Both vulnerable. North deals.


xK 9 6 3

u9 8

vA K J 10 9

wQ 5


x8 5 2 xQ 10 7

u2 uQ 7 6 4

vQ 8 6 2 v7 5 3

wJ 8 7 6 4 w10 9 3


xA J 4

uA K J 10 5 3


wA K 2

The bidding:


1v Pass 2u Pass

2x Pass 3w Pass

3NT Pass 7u Pass

Pass Pass

Opening lead: Six of w

We must set the scene. It was the semifinal of the 1943 Spingold Team Championship in New York. At the halfway point of one of the matches, a team captained by Jigger Dornbusch was trailing a powerful squad led by Howard Schenken by more than 1,000 points (in those days scoring was by total points). Spearheaded by Dick Frey and Lee Hazen, the Dornbusch team had staged a tremendous rally, but the match was crawling along at a snail’s pace. With one board to play Frey announced that he had to leave to make the last train home to Great Neck, so captain Dornbusch was pressed into service to play the last board.

Unaware that his team was back in the match and thinking that his team needed a large swing to win, Dornbusch pressed on to a grand slam in hearts on this, the final hand. All the tricks were there for the taking provided declarer took a first-round heart finesse — the percentage play with a 6-2 fit. Unfortunately Dornbusch first cashed a high heart and could no longer avoid losing a trump trick for down one.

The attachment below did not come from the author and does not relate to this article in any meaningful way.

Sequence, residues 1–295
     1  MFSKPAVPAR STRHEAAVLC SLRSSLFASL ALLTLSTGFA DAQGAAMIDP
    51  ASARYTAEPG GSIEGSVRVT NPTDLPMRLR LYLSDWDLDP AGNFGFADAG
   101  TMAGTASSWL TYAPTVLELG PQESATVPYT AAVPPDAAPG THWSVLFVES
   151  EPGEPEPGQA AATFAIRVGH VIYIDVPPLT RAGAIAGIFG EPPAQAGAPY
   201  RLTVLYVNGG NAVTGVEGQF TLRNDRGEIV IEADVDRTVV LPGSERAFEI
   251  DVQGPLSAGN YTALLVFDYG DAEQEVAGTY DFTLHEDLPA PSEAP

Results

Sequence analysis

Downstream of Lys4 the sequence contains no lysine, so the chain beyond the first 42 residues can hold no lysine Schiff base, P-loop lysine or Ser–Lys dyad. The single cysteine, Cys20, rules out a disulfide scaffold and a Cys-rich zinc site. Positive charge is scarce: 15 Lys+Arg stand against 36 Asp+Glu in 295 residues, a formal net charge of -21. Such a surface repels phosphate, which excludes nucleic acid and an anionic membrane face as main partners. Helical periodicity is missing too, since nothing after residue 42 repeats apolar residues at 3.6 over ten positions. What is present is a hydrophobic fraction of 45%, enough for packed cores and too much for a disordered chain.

When scores were compared, Dornbusch was stunned to learn that, had he been content to play a partscore in hearts, his team would have won! Known for always doing the right thing, Dornbusch offered to jump out the window! A team meeting resolved to reject the offer — after all, Dornbusch did not know the state of the match when he had to enter the fray. The four players reconvened, however, and because of Frey’s precipitate departure, by a 3-1 vote decided to accept a similar offer from Frey should it be tendered. It never was!

2012 Tribune Media Services

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